The Price of Performance
Being highly people-intensive, kitchen firms are subject to enormous quality control problems. There are hundreds of possible error sources in producing a kitchen…mis-measuring a wall, overlooking a heat duct, miscalculating the layout of the cabinetry, incorrect appliance specifications, etc.
As a result, the professional firm will organize itself with a division of labor, a series of systems and the best quality people available, which will substantially reduce the risk of error. Indeed, some of the larger and more progressive firms have recently been introducing management information software into their operations to help control the voluminous detail in their projects.
It’s been proven that the extra costs of these services at the contract stage save up to 20 times the money wasted in correcting mistakes and oversights, either during the job or at a later date.
When it comes to kitchen remodeling projects, as with most things, people usually get what they pay for. The professional firm has both a vested interest, and an obligation, to have prospects know what to look for when evaluating two competing proposals with pricing that may be 50% apart – or more.
After all, the professional firm knows how complicated (and costly) a kitchen remodel can be to design and produce…how difficult it is to make it “fit like a glove” with a minimum degree of dislocation. The professional firm knows that it’s accepted industry practice to use customer deposits for working capital purposes. And the professional firm knows that it’s possible to remain in business for years in this industry, operating at a loss but with a positive cash flow, due to these customer payment terms advocated by the National Kitchen & Bath Association.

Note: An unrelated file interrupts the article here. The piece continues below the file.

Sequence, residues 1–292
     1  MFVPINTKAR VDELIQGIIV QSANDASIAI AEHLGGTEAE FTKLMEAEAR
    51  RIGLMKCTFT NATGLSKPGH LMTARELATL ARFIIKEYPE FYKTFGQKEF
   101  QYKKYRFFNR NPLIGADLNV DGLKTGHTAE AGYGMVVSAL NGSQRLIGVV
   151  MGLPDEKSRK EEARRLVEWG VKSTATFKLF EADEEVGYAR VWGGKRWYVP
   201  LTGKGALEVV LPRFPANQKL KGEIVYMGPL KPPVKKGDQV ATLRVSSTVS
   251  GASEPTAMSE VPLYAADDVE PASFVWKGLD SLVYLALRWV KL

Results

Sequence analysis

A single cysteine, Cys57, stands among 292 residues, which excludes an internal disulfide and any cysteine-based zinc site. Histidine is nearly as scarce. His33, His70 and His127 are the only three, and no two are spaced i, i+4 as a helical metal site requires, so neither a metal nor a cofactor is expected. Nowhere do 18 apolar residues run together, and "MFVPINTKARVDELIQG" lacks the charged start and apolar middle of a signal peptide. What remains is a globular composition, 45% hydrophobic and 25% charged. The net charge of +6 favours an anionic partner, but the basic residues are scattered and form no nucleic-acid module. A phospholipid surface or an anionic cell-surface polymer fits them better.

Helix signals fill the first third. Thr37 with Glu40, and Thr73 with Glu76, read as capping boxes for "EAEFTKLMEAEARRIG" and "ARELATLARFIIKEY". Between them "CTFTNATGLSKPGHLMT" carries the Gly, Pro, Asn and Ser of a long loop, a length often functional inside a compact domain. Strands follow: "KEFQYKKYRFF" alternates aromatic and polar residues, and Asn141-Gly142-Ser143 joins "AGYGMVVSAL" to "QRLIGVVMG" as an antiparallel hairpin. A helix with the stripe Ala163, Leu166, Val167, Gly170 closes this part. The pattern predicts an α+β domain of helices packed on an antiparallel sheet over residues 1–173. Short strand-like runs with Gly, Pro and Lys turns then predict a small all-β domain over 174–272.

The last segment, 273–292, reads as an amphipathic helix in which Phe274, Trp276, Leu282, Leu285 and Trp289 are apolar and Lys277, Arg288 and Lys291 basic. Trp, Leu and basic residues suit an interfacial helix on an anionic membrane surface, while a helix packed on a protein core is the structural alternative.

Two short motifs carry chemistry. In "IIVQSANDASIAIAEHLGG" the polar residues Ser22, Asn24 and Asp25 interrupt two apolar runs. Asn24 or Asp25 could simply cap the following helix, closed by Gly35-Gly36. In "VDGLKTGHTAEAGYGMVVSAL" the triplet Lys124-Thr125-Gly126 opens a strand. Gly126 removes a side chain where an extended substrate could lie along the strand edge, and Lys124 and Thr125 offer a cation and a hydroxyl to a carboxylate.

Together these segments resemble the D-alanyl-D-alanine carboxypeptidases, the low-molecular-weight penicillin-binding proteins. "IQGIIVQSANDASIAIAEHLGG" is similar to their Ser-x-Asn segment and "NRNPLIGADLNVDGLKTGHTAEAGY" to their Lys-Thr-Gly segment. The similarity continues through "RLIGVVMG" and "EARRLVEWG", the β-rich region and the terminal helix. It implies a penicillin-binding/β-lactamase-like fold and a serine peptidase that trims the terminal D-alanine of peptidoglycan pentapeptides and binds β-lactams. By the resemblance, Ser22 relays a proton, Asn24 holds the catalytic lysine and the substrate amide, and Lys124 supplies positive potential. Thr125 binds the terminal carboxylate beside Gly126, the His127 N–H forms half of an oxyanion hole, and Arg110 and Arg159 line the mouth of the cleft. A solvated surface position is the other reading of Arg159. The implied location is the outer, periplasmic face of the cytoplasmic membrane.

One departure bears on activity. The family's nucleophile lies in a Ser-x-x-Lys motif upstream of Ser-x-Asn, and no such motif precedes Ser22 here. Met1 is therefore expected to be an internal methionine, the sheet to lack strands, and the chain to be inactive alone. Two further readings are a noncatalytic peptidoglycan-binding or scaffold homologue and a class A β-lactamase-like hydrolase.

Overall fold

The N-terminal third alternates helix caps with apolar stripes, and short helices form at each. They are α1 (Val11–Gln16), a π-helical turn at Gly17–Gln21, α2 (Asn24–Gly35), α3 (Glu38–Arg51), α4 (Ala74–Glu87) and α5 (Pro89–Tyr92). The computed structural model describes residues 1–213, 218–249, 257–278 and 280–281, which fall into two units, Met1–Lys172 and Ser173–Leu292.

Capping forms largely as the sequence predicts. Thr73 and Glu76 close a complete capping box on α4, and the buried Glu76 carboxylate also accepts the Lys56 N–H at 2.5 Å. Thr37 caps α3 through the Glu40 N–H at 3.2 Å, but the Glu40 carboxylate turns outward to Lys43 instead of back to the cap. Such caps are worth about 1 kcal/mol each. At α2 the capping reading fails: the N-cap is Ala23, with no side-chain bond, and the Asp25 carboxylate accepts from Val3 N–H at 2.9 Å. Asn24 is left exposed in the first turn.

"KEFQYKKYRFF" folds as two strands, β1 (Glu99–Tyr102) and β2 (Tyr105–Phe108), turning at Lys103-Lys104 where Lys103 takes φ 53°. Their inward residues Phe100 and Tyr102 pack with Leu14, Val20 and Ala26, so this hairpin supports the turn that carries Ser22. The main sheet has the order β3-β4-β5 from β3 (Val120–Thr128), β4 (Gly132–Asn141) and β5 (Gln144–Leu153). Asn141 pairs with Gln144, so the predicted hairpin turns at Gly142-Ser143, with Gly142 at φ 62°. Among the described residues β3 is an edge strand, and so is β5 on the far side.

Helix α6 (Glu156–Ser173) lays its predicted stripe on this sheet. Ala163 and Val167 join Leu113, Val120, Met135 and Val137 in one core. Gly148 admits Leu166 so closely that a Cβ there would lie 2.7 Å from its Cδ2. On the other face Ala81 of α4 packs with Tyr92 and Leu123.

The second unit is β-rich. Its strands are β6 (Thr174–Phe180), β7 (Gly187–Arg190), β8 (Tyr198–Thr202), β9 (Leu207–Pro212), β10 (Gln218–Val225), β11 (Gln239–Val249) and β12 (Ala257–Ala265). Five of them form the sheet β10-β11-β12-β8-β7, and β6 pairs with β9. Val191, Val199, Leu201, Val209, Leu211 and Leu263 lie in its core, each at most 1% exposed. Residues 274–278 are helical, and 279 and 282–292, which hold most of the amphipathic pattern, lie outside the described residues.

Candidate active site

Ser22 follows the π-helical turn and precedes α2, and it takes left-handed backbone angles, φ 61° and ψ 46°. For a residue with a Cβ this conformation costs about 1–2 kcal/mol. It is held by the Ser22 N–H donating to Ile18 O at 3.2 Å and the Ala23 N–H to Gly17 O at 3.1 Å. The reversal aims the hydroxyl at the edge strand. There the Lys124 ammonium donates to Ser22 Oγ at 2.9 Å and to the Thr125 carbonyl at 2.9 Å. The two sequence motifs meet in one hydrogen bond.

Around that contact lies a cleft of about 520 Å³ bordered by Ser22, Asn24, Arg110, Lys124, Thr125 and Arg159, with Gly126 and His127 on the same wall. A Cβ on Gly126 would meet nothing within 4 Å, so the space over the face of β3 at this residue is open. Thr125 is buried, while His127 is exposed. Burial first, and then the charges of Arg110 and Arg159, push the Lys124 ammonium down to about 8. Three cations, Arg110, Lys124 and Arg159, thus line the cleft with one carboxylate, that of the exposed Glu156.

An unusually low price isn’t a conclusive indicator that a competitor is going out of business. It’s more likely that this competitor has a lower regard for the costs, effort and services required to produce a kitchen with acceptable functional design, aesthetics, scheduling, coordination, workmanship, on-site care and cleanup, and overall performance.
Identifying Price Differences
There’s an awful lot more to buying a kitchen than just picking out a pretty set of cabinets at a showroom. And unique to intangible products, such as a newly remodeled kitchen, is the fact that the customer is seldom aware of being served well. With intangibles, customers usually don’t know what they are getting …until they don’t get it.
It’s only when their friends wonder out loud why the cabinet doors don’t line up evenly that the clients become aware of what they bargained for – faulty installation – as one of a host of possible undesirable conditions.
Professional firms must identify those areas of difference engineered into the project to enhance its quality, appearance, performance and satisfaction. By placing fair values on these differences, your prospect is then in an informed position to assess the risk of taking the lower price proposal versus paying for the worth of the enhancements in the higher price proposal.
Ken Peterson, CKD, LPBC, is president of the Chapel Hill, NC-based SEN Design Group and an instructor for the “Best Business Practices for 2012” seminar, co-produced by KBDN. Peterson can be reached at 1-800-991-1711 or email@example.com.